I suggest if you are not familiar with the mix you are buying, try to buy food in a bag you can see some of the mix to evaluate the amount of milo and choose the mix with the least. Atwoods on Loop 11 has a reasonably good mix for a good price, if you want to spend less money. When I am going through tons of mix in the winter, I often do buy some to keep the hit on my wallet down.
Anyway, I went to Wild Birds Unlimited as they have a 15% off sale on bird food until October 31 and got black oil sunflower, millet and peanuts without the shell. I decided to try out the Savers Card for $25, figuring I would save that much over the course of the feeder season. That got me an additional 5% off on the food on sale. That was nearly an additional $6. Since I am predisposed toward not liking to pay for a savers card, I am going to keep a spreadsheet to see if the card is worth the money and will let you know when I at least break even. You can see my haul to the left--the expensive bit was the bag of peanuts. But that one bag will likely be the only one I will need to buy this year.
I also started my Christmas shopping. Wild Birds Unlimited has some really cute bird Christmas ornaments that are very inexpensive as well as other gift ideas for the birders on your shopping list. If you know a birder and are stumped for gift ideas, email me at firstname.lastname@example.org or wait for an upcoming post with gift ideas and links.
Anyway, time to unload, fill up the two feeders I am running right now, and then back to the workday (sigh.)
Monday, October 25, 2010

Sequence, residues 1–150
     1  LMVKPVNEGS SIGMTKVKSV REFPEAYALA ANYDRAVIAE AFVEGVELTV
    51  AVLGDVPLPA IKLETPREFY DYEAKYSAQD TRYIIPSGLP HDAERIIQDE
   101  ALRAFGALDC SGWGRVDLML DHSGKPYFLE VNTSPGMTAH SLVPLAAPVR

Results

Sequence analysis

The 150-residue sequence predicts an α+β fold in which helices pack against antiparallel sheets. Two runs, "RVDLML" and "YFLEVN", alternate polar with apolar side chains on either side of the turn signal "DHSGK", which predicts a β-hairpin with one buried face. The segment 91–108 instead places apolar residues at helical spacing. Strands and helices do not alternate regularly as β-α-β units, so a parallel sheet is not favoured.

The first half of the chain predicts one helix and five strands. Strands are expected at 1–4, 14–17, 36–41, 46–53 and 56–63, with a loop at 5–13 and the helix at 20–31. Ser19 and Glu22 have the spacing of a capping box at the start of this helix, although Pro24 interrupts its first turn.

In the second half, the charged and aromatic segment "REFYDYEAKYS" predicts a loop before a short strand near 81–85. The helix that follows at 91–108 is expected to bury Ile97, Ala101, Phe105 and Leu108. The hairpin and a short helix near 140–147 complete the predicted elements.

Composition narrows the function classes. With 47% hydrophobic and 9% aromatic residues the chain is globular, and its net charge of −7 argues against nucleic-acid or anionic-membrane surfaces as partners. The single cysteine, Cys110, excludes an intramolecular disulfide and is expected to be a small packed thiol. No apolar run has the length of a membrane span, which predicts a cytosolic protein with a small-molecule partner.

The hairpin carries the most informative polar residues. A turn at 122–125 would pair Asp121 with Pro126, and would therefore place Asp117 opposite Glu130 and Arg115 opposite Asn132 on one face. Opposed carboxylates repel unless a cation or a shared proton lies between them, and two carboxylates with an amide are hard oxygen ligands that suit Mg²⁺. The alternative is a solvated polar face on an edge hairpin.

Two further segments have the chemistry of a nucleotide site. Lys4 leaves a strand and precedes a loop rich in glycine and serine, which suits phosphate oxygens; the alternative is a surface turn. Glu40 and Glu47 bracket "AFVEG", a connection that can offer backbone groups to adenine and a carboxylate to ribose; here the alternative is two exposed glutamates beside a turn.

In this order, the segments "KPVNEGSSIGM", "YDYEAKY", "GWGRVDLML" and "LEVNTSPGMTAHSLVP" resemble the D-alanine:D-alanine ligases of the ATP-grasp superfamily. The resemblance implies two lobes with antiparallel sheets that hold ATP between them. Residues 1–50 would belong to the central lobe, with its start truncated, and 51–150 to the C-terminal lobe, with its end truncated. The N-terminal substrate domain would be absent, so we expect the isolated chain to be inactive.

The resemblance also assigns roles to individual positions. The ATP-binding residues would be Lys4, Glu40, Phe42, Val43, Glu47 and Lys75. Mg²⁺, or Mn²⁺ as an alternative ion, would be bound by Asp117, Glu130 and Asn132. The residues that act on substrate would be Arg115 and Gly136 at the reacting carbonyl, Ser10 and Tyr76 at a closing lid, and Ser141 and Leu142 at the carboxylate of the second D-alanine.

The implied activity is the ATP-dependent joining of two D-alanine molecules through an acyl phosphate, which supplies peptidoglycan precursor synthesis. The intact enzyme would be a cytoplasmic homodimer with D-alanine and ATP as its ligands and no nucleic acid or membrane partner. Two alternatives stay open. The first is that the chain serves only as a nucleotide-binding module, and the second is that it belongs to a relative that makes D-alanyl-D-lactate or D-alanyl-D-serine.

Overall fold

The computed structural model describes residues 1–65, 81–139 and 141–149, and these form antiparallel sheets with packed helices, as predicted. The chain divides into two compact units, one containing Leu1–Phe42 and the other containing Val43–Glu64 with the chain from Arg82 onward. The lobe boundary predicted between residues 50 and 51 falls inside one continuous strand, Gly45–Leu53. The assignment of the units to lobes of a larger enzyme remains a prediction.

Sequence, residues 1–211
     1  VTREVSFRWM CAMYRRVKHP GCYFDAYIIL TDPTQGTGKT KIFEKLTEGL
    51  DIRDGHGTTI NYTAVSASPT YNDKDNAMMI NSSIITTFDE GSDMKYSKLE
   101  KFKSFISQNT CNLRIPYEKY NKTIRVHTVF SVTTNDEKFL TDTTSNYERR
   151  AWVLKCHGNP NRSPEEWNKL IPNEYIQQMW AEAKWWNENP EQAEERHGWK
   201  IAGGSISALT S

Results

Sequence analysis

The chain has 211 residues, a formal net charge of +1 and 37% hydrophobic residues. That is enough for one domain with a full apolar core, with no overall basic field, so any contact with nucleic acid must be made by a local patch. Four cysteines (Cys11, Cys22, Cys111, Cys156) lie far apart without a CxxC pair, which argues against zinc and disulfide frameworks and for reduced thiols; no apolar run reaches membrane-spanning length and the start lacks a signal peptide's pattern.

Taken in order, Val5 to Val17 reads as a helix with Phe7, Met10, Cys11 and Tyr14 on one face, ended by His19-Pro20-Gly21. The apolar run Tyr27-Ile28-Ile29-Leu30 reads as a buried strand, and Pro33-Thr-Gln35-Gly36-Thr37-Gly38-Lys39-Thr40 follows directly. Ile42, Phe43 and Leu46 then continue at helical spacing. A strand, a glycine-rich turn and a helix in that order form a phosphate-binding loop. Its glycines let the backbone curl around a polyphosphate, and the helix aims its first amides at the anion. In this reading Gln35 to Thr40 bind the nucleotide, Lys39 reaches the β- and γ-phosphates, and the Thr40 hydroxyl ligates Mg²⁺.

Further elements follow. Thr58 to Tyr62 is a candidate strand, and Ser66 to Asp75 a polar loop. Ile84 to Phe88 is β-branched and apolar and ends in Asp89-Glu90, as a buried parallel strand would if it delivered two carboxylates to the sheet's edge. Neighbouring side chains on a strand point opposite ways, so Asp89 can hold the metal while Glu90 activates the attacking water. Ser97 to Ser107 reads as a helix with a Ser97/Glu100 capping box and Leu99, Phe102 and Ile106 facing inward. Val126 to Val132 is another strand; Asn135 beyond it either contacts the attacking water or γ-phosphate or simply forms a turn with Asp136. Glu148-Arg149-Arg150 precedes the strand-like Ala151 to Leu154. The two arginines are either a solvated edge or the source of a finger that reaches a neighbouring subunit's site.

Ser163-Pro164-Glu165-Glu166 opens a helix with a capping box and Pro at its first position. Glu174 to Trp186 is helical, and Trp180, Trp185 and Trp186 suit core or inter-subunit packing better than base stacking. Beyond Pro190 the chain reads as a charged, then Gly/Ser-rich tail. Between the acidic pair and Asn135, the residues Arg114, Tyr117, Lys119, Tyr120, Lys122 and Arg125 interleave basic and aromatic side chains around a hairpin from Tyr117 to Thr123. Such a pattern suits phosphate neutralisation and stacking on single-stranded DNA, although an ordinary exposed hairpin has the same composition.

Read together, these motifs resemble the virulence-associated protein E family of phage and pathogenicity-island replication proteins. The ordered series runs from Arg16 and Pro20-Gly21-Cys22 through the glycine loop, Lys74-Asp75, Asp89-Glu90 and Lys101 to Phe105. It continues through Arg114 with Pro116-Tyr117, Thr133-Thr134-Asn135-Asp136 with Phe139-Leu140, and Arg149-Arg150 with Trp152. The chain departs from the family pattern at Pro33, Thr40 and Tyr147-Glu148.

Sunday, October 24, 2010
I took only a short walk along the chat trail down to the barrow pit. The most notable thing was the number of Eastern Phoebe along the trail. It is not uncommon to see/hear one or two, but this morning there were several phoebes along the trail.
The cardinals have also started to gather into their winter flocks. One flock of approximately a dozen birds was moving from tree to tree.
The barrow pit was full of waterfowl--mostly American Coot and American Wigeon, although there were some pied-billed grebes and ruddy ducks as well.
Summer birds still hanging around were scissor-tailed flycatchers and a lone barn swallow.
Other birds noted this morning were: White pelican, robins, blue jay, Eurasian collared dove, white-winged dove, rock pigeon, great-tailed grackle, and starling.
Friday, October 15, 2010
Terry McKee will present a short program on owls. The group will also begin planning for the Christmas Bird Count to take place on Saturday, December 18. Light refreshments will be served.
If you want to learn more about the birds and birding places in the area, this is the place to be. It's a small group, so visitors should not feel intimidated as sometimes happens with larger groups.